Black Lake (Louisiana)
Cypress trees dominate the waters of the lake.
|Location||Natchitoches Parish, Louisiana,
|Primary inflows||Black Lake Bayou|
|Primary outflows||Red River|
|Basin countries||United States|
|Max. length||5 miles (8.0 km)|
|Max. width||1.8 miles (2.9 km)|
|Surface area||about 7,000 acres (28 km2)|
|Surface elevation||102 ft (31 m)|
|Settlements||Ashland, Campti, Clarence, Creston, and Goldonna|
Black Lake is a reservoir located between Creston and Campti in North Louisiana. Water feeds into Black Lake from Black Lake Bayou, a watershed that extends from north of Gibsland in Bienville Parish and south to Clarence in Natchitoches Parish through the parishes of Claiborne, Webster, Bienville, Red River and Natchitoches. The elevation of the lake is 102 feet (31 m). Louisiana Highway 9 runs across Black Lake. On the west side of Highway 9 the body of water is called Black Lake — the east is called Clear Lake or Clear Lake Bayou. The Clear Lake side is near another body of water: Saline Lake. Between Clear Lake and Saline Lake is the Alan Chiverly Dam, constructed in 1934. Road 1226 also extends between the lakes.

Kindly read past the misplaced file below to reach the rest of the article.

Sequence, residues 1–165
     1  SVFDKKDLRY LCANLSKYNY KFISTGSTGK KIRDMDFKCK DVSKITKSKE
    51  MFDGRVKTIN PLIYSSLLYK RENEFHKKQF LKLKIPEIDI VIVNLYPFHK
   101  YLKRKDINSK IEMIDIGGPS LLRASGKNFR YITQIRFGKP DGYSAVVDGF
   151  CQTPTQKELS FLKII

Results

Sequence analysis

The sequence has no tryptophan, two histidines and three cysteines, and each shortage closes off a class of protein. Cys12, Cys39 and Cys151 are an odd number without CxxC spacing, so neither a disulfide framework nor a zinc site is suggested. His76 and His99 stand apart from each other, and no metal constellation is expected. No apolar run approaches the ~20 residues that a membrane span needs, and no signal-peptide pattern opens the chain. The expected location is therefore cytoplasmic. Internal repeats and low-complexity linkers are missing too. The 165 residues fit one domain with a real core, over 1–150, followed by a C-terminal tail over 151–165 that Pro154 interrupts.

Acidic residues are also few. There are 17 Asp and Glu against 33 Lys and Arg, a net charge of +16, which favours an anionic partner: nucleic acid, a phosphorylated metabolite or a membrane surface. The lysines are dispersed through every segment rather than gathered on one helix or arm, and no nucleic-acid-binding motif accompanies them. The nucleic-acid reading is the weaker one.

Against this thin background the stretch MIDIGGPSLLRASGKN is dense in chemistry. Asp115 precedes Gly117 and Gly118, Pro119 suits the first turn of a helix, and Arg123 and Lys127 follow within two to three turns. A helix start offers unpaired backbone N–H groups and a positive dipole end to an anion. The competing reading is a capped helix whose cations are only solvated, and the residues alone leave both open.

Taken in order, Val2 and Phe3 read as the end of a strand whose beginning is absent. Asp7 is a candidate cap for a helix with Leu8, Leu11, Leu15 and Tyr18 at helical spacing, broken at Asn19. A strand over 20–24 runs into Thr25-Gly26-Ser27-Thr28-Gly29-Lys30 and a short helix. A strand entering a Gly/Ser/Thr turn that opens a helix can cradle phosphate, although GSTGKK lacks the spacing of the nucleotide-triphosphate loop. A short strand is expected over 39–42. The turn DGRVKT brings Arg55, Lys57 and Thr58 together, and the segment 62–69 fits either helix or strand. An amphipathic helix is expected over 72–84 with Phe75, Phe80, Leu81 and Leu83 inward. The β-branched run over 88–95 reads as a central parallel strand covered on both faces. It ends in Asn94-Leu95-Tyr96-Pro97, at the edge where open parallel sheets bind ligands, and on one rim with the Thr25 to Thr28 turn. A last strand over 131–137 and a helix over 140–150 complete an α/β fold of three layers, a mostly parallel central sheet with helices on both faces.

Residents about Black Lake use the Campti and Clarence ZIP Codes, 71411 and 71414, respectively. They are zoned to Lakeview Junior/Senior High School. There are boat launches and campgrounds for fishing and boating. Bell's Camp, founded in 1936 by the late Albert and Eva Bell, is still operated by their daughter, Joy Bell Wimberly (born 1924). Nearby is a catfish and steak restaurant known as Sea and Sirloin, which opened in 1983.
Black Lake is wide in some places such as at the Hwy 9 bridge and tight in other places because of the growth of cypress trees. There are channels cut into the lake that allow clearance for boats. Boats stay in the channels or risk grounding the bottom of the boat on tree stumps. The aquatic vegetation such as moss, seaweed and algae are visible at surface level.
The latitude and longitude coordinates for Black Lake are 31.9574, -93.0466 and the altitude is 102 feet (31 m).